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Our response to the riots is knee-jerk and oppressive


Picture by bobaliciouslondon under a CC licence.

There’s nothing like a riot to bring out peoples’ inner-fascist. Within two days, some were calling for the army to be deployed in the streets. In fact, a spokesman for the police later revealed that David Cameron had to be talked out of doing just that. There were cries of ‘lock the animals up,’ ‘shoot them all’ and, even, ‘Lock Up Jody McIntyre,’ as one shrill Facebook group was titled (before being shut down for inciting hatred and violence against an individual).

The government applied a ‘shock and awe’ treatment that worked to perfection. Images of burning fires melted away all illusions of nuance. Voices of reason were drowned out by blood-thirsty crowds denouncing the ‘chavs’ and the underclass. The entire gamut of public opinion was united in condemnation. Anyone asking why children had resorted to looting was quickly ridiculed and accused of supporting the destruction.

So, now matters have calmed somewhat, what will be the outcome of our rhetoric of revenge? Astoundingly, an online petition calling for convicted rioters to lose all benefits, as well as council housing, has received more than 200,000 signatures. This means the family of a twelve-year-old boy, who joined in when he saw his friends helping themselves to material goods he couldn’t afford, could be made homeless. His mother could lose the small amount of money necessary to get by, because her son took a ‘wrong turn’. Such barbaric measures should be unequivocally denounced, but, on the advice of the Prime Minister, British courts have been told to ‘disregard normal sentencing procedures’.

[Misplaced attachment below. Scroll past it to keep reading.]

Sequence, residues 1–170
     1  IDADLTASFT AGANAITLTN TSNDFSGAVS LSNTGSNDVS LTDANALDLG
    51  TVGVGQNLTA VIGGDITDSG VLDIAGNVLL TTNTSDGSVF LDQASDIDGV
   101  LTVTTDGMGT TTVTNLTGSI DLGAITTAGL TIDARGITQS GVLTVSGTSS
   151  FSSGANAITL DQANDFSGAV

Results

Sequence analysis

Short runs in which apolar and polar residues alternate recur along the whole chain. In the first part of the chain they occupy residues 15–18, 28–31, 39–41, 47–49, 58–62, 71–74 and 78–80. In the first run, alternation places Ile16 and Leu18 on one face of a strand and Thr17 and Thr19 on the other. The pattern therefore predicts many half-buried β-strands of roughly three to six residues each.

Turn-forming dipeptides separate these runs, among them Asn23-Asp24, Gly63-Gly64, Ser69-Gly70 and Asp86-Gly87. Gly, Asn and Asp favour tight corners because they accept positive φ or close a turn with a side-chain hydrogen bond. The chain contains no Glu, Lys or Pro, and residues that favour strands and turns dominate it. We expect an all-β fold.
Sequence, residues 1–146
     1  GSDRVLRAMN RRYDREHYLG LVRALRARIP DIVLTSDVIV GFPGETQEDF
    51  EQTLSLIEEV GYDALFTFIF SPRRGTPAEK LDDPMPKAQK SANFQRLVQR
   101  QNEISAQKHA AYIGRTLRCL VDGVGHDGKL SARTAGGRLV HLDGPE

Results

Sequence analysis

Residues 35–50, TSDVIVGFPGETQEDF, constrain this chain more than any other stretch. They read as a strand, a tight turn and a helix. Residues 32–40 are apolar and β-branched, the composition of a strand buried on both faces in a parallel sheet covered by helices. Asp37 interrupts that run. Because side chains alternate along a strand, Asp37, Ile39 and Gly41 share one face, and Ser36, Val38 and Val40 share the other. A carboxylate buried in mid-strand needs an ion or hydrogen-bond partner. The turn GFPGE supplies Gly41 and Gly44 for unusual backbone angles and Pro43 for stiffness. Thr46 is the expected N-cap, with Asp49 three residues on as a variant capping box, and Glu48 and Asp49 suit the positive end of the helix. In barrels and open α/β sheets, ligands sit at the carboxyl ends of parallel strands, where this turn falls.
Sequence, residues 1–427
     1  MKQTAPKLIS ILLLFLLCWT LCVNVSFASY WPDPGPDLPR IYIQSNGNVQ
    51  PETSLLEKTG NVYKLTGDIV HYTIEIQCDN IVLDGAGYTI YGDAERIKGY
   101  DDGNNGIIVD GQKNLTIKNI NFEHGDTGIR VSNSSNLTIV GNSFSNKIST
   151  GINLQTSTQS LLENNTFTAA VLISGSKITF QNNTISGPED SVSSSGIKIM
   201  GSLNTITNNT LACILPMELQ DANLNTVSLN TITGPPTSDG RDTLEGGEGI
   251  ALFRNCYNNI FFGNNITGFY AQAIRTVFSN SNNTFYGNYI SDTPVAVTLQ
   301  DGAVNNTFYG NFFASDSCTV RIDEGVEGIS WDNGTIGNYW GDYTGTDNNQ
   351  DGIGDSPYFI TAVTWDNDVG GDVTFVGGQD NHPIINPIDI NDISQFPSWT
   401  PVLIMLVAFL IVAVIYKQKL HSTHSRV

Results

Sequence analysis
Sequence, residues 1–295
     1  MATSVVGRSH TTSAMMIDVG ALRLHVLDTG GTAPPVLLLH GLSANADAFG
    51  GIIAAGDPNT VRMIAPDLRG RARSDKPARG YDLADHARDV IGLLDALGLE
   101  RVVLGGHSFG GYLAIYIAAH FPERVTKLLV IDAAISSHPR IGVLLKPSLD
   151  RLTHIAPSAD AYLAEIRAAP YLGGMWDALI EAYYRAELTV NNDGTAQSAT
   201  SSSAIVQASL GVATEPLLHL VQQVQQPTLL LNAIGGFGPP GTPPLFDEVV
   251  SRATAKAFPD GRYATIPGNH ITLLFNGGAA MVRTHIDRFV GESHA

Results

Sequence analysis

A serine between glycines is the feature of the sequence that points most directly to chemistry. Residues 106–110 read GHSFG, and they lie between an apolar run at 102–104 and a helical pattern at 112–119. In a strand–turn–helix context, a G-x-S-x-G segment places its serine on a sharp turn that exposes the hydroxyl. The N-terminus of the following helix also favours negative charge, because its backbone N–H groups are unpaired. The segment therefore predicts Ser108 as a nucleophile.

The Metropolitan Police, already reeling from the death of Smiley Culture and the widely-reported complicity in the phone-hacking scandal, have emerged confident and emboldened. On Tuesday evening, another man met his end in police custody. Dale Burns, a man in his 20s described by local residents as ‘dedicated, hardworking and a good dad,’ died after being shot with a Taser multiple times during a routine arrest in Barrow.  Not a single officer is likely to be held to account for any of these deaths.

The Cumbria death was quickly superseded by riot-response news. We learnt that Cameron has approved the use of water cannons (previously reserved for the ‘unpeople’ of Northern Ireland) and the power to enforce a curfew (usually reserved for our armed forces in the countries we occupy). As the number of people dying at hands of the police continues to rise, we are expected to be thankful for their increased powers, and the risk of unaccountability they bring.

And now we are witnessing the ‘robust fight back’ we all demanded and cheered. Wandsworth Council have begun eviction proceedings against the mother of a boy who has appeared in court, but has yet to be charged, in connection with the riots. Other councils have pledged plans to follow suit. David Cameron supported the move, saying that families ‘will have to find housing in the private sector and that will be tougher for them. But they should have thought about that before they started burgling.’ These are the words of a man who has never experienced poverty, and expresses nothing but contempt for those who do. There is a term for this kind of response in international law, and that is ‘collective punishment’ (not that the British government has ever shown much interest in abiding by international law).

We’re more used to seeing oppressive regimes in other part of the world use methods like these. Police have said they hacked into Blackberry messenger networks, and considered closing down Twitter. But in the most shocking case yet, two men were sentenced to four years in prison each, for encouraging rioters via their Facebook accounts – the only catch being that the rioting never actually happened. A pre-crime of Orwellian proportions.

It’s too easy to simply blame the government. We could say they are over-reacting and cry crocodile tears for the thousands of young people whose lives will be destroyed in courts and prisons. We can analyse why the riots happened, examine the causes, understand the motives. But the truth is, this post-riot crackdown had our support from the start, and words of sympathy now are too little, too late.

Instead, we should be thinking about the dehumanising language we used to condemn the rioters. If we allow our narrative to be driven by fear rather than reason, then, as unemployment rises and services are cut, more rioting on the streets of England will be the inevitable result.

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